The American Civil Liberties Union is one of the most famous civil-rights organizations in the U.S., defending First Amendment freedoms for everyone, regardless of their views. Here are nine things you might not know about the almost century-old organization.
1. IT’S ACTUALLY TWO NONPROFITS.
There are two arms of the ACLU. The ACLU itself is a 501(c)(4) corporation, meaning that it is a membership organization that participates in lobbying state and federal government. Because of its lobbying status, you can’t take a tax deduction for your donations to the ACLU. But the ACLU Foundation is a 501(c)(3) organization, just like most nonprofits. Those tax-deductible donations go only toward funding litigation and education programs.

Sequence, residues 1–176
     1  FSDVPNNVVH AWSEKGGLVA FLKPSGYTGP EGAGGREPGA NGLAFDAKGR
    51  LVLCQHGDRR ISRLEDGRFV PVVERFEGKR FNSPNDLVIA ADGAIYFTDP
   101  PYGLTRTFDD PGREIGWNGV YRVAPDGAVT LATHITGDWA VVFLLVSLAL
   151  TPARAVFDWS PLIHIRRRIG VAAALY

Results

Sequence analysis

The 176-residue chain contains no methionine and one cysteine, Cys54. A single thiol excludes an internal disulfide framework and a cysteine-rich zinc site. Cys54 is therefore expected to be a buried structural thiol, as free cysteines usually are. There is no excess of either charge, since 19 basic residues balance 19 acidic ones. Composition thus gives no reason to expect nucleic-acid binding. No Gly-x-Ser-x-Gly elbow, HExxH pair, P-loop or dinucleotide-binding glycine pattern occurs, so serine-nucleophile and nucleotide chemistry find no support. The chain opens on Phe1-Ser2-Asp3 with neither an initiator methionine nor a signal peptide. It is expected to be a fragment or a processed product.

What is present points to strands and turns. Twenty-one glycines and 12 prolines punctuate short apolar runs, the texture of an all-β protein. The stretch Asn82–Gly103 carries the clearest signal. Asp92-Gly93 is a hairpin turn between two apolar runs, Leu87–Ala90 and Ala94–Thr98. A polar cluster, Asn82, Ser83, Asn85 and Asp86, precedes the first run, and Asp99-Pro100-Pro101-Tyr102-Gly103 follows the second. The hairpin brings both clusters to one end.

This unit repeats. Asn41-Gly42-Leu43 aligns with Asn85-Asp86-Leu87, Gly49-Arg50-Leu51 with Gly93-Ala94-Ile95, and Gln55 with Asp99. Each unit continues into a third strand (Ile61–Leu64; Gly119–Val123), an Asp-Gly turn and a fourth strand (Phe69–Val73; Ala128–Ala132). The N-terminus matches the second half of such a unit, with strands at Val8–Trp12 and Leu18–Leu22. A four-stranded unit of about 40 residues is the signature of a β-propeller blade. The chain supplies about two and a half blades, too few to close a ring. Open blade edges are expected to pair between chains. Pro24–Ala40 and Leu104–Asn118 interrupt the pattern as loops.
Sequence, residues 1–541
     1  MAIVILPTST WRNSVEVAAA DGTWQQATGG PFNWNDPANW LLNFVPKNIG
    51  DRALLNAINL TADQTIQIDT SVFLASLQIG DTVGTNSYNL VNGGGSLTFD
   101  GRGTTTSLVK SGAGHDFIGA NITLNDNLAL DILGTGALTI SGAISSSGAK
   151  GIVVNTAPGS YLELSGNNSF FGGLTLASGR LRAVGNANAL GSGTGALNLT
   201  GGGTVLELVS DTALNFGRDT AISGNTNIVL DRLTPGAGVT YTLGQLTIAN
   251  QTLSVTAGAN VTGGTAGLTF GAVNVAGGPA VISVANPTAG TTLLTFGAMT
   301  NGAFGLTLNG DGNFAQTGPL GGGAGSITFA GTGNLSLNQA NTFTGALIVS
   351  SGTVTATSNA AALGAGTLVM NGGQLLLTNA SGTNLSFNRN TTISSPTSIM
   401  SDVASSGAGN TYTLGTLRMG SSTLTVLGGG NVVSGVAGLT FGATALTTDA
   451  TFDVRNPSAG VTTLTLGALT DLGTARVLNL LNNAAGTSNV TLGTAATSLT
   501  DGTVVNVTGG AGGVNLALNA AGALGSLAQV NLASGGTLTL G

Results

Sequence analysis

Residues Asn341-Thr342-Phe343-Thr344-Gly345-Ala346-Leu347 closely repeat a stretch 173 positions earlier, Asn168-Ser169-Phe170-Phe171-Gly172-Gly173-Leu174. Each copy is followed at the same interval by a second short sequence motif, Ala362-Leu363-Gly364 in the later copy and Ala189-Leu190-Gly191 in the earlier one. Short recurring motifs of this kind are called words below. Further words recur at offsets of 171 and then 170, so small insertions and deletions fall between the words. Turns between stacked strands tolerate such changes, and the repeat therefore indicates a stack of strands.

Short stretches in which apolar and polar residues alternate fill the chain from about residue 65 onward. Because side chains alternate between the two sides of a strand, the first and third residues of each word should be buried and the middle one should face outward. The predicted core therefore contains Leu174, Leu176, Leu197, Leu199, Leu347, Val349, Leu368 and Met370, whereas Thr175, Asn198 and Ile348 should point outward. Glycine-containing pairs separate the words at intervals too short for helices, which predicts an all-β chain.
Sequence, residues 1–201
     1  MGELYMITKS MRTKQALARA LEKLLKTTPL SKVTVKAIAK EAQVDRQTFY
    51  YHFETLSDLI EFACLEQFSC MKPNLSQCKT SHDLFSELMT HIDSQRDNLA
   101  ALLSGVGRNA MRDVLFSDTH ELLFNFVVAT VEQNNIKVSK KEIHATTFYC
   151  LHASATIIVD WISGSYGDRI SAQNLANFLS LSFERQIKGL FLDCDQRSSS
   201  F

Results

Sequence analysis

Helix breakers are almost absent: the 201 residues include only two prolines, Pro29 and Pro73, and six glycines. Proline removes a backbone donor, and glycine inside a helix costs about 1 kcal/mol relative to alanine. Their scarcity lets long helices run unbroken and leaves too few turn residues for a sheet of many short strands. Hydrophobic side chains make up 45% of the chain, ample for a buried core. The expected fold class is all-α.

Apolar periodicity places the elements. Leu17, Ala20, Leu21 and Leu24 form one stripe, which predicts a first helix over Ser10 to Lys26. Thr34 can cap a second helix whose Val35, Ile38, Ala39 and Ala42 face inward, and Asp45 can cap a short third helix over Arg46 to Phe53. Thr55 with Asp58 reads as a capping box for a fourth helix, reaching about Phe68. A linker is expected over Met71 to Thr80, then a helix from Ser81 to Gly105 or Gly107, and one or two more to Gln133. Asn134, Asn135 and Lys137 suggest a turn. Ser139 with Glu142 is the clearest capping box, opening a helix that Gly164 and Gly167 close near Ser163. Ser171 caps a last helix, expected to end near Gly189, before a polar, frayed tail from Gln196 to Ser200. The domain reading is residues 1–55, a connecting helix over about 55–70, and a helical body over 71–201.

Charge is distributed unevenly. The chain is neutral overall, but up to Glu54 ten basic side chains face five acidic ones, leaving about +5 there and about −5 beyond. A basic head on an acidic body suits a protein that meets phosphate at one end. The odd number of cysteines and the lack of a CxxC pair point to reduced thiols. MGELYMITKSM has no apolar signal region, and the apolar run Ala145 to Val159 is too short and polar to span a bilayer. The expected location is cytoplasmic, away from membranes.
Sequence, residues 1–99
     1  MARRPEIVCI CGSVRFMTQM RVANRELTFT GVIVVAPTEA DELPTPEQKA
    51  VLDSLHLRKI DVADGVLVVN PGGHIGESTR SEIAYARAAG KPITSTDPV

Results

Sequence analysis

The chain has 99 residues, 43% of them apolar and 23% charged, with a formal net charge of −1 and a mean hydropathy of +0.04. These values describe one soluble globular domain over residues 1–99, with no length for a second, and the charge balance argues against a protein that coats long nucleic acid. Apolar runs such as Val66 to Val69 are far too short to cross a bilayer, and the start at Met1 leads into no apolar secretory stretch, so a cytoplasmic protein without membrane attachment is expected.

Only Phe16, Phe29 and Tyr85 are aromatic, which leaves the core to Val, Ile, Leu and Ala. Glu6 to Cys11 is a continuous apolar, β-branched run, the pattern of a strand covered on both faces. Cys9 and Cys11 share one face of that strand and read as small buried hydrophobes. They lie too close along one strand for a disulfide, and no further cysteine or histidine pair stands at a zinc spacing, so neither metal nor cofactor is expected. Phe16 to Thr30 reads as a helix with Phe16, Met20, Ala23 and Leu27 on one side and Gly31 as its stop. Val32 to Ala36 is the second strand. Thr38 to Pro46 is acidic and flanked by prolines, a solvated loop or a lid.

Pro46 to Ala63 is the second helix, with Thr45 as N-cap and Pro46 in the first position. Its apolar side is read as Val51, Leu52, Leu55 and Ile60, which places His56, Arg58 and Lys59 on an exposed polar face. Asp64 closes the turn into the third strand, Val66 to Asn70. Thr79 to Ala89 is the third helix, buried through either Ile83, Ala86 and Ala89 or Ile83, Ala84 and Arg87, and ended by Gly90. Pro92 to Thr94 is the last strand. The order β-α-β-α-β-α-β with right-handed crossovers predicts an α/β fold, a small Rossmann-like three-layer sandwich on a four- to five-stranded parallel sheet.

2. IT WAS FOUNDED TO SUPPORT CONSCIENTIOUS OBJECTORS.
Created as the Civil Liberties Bureau after World War I broke out in 1917, the ACLU was founded to, in part, oppose the creation of a draft and protect conscientious objectors to World War I, who at the time were subject to routine harassment and restrictions on what they could say for their choice to avoid service. It was initially a committee within the American Union Against Militarism, but split off due to disagreements about the organization’s vocal opposition to the government’s war policies. Then called the National Civil Liberties Bureau, it lobbied for conscientious objectors to be protected in the Selective Service Act and advised men worried about the draft. It was reorganized as the American Civil Liberties Union in 1920.
3. MANY OF ITS LAWYERS ARE VOLUNTEERS